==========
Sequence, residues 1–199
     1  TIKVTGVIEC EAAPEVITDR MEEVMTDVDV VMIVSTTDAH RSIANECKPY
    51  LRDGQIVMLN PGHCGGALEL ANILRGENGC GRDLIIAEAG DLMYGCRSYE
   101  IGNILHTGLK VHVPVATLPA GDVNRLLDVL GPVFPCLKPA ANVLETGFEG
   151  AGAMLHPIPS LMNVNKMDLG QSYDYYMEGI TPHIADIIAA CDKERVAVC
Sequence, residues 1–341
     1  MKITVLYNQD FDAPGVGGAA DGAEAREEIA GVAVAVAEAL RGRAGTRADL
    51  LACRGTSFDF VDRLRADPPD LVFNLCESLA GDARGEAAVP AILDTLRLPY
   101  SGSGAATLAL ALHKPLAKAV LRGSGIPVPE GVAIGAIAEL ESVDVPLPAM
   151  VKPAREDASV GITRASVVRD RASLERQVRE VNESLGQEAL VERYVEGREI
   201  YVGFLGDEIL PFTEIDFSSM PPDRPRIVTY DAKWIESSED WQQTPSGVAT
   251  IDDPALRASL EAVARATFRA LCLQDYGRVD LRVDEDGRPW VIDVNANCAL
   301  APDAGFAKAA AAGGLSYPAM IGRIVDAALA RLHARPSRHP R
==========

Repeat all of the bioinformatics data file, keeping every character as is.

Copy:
Sequence, residues 1–199
     1  TIKVTGVIEC EAAPEVITDR MEEVMTDVDV VMIVSTTDAH RSIANECKPY
    51  LRDGQIVMLN PGHCGGALEL ANILRGENGC GRDLIIAEAG DLMYGCRSYE
   101  IGNILHTGLK VHVPVATLPA GDVNRLLDVL GPVFPCLKPA ANVLETGFEG
   151  AGAMLHPIPS LMNVNKMDLG QSYDYYMEGI TPHIADIIAA CDKERVAVC
Sequence, residues 1–341
     1  MKITVLYNQD FDAPGVGGAA DGAEAREEIA GVAVAVAEAL RGRAGTRADL
    51  LACRGTSFDF VDRLRADPPD LVFNLCESLA GDARGEAAVP AILDTLRLPY
   101  SGSGAATLAL ALHKPLAKAV LRGSGIPVPE GVAIGAIAEL ESVDVPLPAM
   151  VKPAREDASV GITRASVVRD RASLERQVRE VNESLGQEAL VERYVEGREI
   201  YVGFLGDEIL PFTEIDFSSM PPDRPRIVTY DAKWIESSED WQQTPSGVAT
   251  IDDPALRASL EAVARATFRA LCLQDYGRVD LRVDEDGRPW VIDVNANCAL
   301  APDAGFAKAA AAGGLSYPAM IGRIVDAALA RLHARPSRHP R